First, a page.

- The White House refuses to release the photo showing President Trump signing House Joint Resolution 40, which made it easier for people with mental illness to buy guns and rolled back a rule President Obama pushed for after Sandy Hook. CBS News has made 12 requests for the photo.
- On that note: The New York Times is hiring a staff photographer to cover the White House and Capitol Hill.
- Photographers at Food & Wine magazine have a talk about the evolution of food photography, from Irving Penn to IG trends.
- Wired magazine makes the case that Rachel Morrison, the first woman to be nominated for an Oscar in cinematography (for the movie Mudbound), is a superhero in her field. See her work in Black Panther, which, of course, opens today.
- Hold your breath and enjoy this year’s winners for the Underwater Photographer of the Year.
- Stretch your skills with these cool sports photography classes held at local college games with Capital Photography Center.
Join us TONIGHT for the opening of our latest Crystal City Fotowalk exhibit.
We’re featuring a series of work from 13 local photographers. You can start the walk by taking a left off the Crystal City metro, and once you reach the end (there’s a break in the exhibit past Synetic theater) join us for a First Friday reception at Gallery Underground between 5 and 8 p.m.
- Focus on the Story has announced that its first International Photography Festival will be June 7 to 10. Get a preview of the wonderful line-up on their site with this interview with Martin Parr.
- Order the inaugural issue of MFON: Women Photographers of the African Diaspora featuring over 100 photographers, and then clear your afternoon for a discussion and signing from 2 to 4 p.m. today at Howard University.
- Bayard Wootten first picked up a camera in 1904, and was so successful at selling her personal postcards, she was hired as the first woman in the North Carolina National Guard, who dubbed her “Chief of Publicity.”
- WETA launched the miniseries “Animals with Cameras” this week. Look up broadcast times here.
- An investigation by Vox revealed that photo editor Patrick Witty was fired from National Geographic after allegations of sexual harassment, but the publication didn’t explain this to the staff until Vox forced its hand.
- Washington Post photographers produced a series on “What Unites Us?“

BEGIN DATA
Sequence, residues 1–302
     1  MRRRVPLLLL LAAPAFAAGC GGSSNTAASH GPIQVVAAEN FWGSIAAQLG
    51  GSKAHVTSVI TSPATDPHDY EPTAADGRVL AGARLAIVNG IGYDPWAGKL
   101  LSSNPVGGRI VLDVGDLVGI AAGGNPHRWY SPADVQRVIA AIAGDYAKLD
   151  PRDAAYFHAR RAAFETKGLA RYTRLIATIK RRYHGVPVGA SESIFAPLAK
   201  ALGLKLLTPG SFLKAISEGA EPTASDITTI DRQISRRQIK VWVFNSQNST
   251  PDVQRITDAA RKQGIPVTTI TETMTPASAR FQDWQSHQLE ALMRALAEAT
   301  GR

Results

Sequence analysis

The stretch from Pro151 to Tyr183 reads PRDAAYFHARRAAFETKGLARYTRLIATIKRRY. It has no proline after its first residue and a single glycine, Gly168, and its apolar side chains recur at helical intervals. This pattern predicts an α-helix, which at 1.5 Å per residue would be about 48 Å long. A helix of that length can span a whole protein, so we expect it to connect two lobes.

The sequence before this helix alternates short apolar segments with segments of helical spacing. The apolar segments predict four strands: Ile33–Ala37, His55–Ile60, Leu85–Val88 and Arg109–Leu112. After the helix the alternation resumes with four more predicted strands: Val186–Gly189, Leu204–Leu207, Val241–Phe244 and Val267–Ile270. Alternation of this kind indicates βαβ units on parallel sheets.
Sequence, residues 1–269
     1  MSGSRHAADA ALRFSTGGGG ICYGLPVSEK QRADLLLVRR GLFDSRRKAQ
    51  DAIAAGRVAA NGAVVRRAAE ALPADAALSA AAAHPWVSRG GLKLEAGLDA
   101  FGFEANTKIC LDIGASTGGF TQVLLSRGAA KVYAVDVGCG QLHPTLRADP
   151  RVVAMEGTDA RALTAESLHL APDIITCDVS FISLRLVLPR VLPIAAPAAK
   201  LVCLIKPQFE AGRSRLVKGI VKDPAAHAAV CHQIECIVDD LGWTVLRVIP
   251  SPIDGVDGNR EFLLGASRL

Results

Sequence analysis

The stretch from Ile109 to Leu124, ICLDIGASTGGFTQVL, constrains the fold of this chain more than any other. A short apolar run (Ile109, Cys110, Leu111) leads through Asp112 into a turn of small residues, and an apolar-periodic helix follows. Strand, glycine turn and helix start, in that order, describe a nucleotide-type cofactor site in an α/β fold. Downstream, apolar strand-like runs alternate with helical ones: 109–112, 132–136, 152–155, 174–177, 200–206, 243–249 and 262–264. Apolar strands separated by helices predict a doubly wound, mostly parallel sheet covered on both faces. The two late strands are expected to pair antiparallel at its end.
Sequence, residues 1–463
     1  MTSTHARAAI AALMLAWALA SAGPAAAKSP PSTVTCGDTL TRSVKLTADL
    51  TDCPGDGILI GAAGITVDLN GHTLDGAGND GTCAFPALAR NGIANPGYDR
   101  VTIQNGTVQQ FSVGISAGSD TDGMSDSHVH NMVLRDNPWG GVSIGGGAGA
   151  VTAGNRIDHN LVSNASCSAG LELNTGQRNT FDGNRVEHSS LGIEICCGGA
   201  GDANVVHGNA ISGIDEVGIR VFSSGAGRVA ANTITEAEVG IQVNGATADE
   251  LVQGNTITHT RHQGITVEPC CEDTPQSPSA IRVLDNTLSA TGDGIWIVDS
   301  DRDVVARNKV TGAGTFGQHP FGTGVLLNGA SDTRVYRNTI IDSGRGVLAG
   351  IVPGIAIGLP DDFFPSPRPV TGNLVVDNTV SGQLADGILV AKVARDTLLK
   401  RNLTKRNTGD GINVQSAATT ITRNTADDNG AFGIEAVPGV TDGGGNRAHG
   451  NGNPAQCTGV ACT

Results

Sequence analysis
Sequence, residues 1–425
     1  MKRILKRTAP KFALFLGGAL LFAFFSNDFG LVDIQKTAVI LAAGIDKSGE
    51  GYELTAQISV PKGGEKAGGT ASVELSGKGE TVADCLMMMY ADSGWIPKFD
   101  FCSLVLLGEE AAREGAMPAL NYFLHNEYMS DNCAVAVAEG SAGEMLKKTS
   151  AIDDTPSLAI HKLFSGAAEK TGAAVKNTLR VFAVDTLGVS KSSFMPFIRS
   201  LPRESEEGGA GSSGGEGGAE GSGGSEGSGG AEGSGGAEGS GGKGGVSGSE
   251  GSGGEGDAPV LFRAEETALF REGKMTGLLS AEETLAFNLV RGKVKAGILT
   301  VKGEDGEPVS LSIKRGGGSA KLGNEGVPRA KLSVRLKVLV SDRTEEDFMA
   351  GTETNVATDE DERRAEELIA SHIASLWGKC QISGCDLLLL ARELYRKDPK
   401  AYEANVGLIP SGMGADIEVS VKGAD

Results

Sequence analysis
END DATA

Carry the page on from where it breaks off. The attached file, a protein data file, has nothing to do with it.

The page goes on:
- Shutterfly announced plans to buy photography company Lifetouch, which takes school photos of around 25 million kids, for $825 million.
- People just can’t seem to get enough of spiritualism and ghost photography.
In case you missed it, we decided to extend our contest all the way to February 28. That gives you plenty of time to send us your best images of life in the D.C. region and increase your chances of being part of our annual show at Dupont Underground in May.
We have a lot of great events in the meantime! Join us for our January happy hour this Tuesday at Board Room. Then on Friday, February 2, we’re opening a new exhibit at the Crystal City Fotowalk! You can see the exhibit up now anytime, but we hope you’ll join us for a glass of wine and meet the talented photographers we’re featuring in this round.
On to Friday Links!
- “The Wonder People” exhibit opens today at the Glen Echo Photoworks Gallery and runs through Feb. 25 with a reception and gallery talk this Sunday from 4:30 to 6:30 p.m. The exhibit features Dorte Verner’s portraits of refugees from around the world.
- Register to attend a photography exhibit, reception, and conversation on the impact of photojournalism and creative storytelling on policy at Johns Hopkins SAIS on Feb. 1. Free to attend.
- Head to the opening of “You, if no one else,” the Arlington Arts Center’s winter group exhibition, including photography by Danielle A. Scruggs among other artworks. Saturday, 6 to 9 p.m.
- National Geographic photographer illustrates glacial retreat by making long exposures while carrying a torch along the glacier’s former boundaries.
- After the New York Times revealed the extent of sexual harassment by fashion photographers Bruce Weber and Mario Testino, publisher Condé Nast cut ties with them and created a code of conduct to protect its models during shoots.
- A former Department of Energy photographer has filed a federal whistleblower suit stating that he was fired after leaking photos of Rick Perry meeting with the CEO of Murray Energy.
- This one is for all you Star Wars geeks.
- The New Yorker profiles photographer/filmmaker Khalik Allah and his images of Harlem at night that “have a spiritual essence, an element of passion and grace.”
- Christopher Payne’s photo essay on one of America’s last remaining pencil factories may cause unexpected feelings of nostalgia.